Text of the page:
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News Room

16 Confusing Medical Aid Terms Explained

Compare Guru
2016-12-21
Take a look at some simple and some not so simple medical aid terms you may have seen in your policy but are not so sure what they mean.
Have you recently joined a medical scheme and are struggling to understand the terminology? While some terms may seem pretty self-explanatory, there are a few which are bound to leave you completely stumped. You are forgiven, of course, for not understanding what most of the terminology means. Remember, before you put pen to paper, it is important that your insurance provider has explained to you, word-for-word what the benefits of your health insurance includes and excludes. It would be disastrous to be struck by an emergency visit to the E.R. only to find you are not covered for any medical procedures that follow.
CLICK BELOW to view our insurance handbook filled with definitions for confusing insurance terms. unnamed-2

16 Medical Aid Terms You Think You Know, But Probably Don't

Let's start with the easy ones...

1. Principal Member

This is, of course, the main member of the medical aid fund. It can be a single person, or someone who has one or more dependents on their medical scheme. The principal member will often pay a larger contribution than their dependents do. What happens if the principal member dies? If the main member dies, dependants can usually stay in the fund but would have to select a new principal member between them.

2. Open And Closed Funds

An open fund is a medical aid scheme that is open to anyone who wants to join. In simpler terms, it is the medical aid schemes offered by health insurance providers. A closed fund gets its name from the fact that it is only available to a certain group of people, i.e.: the employees of a specific company are allowed access to the benefits of the scheme. Not all employees will take a grouped medical aid and may opt for their own medical aid in order to enjoy specific benefits appealing to them.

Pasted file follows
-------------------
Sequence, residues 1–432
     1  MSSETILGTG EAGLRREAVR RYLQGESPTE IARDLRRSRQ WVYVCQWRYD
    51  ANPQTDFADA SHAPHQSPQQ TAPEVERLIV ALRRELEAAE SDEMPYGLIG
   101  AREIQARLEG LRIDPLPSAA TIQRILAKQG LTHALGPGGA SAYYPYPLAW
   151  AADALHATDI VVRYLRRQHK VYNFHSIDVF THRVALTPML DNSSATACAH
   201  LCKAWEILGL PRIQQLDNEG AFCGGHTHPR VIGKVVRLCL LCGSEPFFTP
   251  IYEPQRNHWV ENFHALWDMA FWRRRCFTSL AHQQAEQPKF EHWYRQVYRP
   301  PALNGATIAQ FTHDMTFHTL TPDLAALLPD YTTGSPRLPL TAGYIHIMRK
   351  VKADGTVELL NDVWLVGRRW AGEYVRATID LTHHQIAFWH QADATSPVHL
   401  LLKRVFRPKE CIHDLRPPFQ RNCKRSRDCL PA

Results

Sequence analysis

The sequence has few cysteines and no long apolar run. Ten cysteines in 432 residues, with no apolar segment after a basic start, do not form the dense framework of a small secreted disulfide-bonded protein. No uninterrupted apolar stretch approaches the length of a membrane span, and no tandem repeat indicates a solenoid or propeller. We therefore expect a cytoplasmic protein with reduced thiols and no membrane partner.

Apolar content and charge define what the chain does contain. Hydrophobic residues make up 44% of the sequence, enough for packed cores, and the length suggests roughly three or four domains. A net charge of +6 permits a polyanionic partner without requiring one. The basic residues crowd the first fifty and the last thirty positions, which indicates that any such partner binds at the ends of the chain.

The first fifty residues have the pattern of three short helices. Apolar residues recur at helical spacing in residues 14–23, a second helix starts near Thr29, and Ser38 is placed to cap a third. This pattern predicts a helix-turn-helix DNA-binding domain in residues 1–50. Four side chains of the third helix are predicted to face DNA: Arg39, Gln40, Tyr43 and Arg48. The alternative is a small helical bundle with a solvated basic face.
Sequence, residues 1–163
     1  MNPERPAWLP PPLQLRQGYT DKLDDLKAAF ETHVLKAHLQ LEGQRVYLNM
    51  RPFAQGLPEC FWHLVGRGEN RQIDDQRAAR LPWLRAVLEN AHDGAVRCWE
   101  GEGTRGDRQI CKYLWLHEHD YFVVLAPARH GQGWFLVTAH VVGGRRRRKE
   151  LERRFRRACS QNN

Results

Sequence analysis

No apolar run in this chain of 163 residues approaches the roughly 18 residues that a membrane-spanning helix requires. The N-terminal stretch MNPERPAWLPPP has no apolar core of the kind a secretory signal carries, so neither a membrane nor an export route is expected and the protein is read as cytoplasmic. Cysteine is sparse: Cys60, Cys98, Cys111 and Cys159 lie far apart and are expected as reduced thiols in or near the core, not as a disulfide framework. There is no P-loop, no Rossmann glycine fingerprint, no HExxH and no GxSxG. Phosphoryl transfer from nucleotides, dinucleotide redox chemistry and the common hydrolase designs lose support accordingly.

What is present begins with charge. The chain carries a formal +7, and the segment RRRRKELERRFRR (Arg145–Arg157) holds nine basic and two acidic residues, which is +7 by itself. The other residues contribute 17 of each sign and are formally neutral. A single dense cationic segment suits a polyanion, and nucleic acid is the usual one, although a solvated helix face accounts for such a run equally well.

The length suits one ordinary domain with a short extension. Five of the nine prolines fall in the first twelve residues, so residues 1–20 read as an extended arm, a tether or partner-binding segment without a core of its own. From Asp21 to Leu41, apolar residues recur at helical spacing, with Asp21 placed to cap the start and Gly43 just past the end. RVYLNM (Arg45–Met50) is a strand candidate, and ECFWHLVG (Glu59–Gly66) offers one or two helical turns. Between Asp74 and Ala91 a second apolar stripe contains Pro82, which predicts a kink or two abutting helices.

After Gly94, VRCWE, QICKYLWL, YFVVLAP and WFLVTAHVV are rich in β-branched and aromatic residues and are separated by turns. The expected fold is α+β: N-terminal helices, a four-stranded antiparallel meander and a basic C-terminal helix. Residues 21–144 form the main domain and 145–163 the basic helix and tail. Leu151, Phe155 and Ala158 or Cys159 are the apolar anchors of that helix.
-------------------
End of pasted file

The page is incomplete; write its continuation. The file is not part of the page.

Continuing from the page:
3. Medical Scheme Tariff

The medical scheme tariff is the amount, in Rands, that your insurance provider will pay for certain procedures or consultations. For example, you go to see your specialist and the consultation fee is R750, but your medical aid option only pays R500 for that particular procedure, you will have to pay what is called the 'co-payment' or the difference remaining (R250).

4. Waiting Period

While we like to think we are covered in a medical aid scheme as soon as we join, the reality is that you cannot claim for any daily expenses for the first three months. If, however, you are joining from another medical aid, you may have access to daily expenses claims immediately. The upside is that as soon as your contract comes into effect, you will have access to emergency medical care, should you be involved in an accident or another type of emergency.

5. Prescribed Minimum Benefit (PMB)

According to the Medical Schemes Act, there is a total of 270 conditions for which all members have to be treated. All medical schemes and hospital plans are bound by this law. Hospital cash-back plans and health insurance products are not governed by the act, which means they do not need to include all 270 conditions in their scheme.

6. Day-To-Day Benefits

As mentioned in 'Waiting Period', these are out-of-hospital benefits, such as prescribed medication or monthly supplements. Day-to-day benefits differ greatly from scheme to scheme and from option to option. An easy rule of thumb is that the bigger your contribution, generally, the bigger your cover. Examples of day-to-day benefits: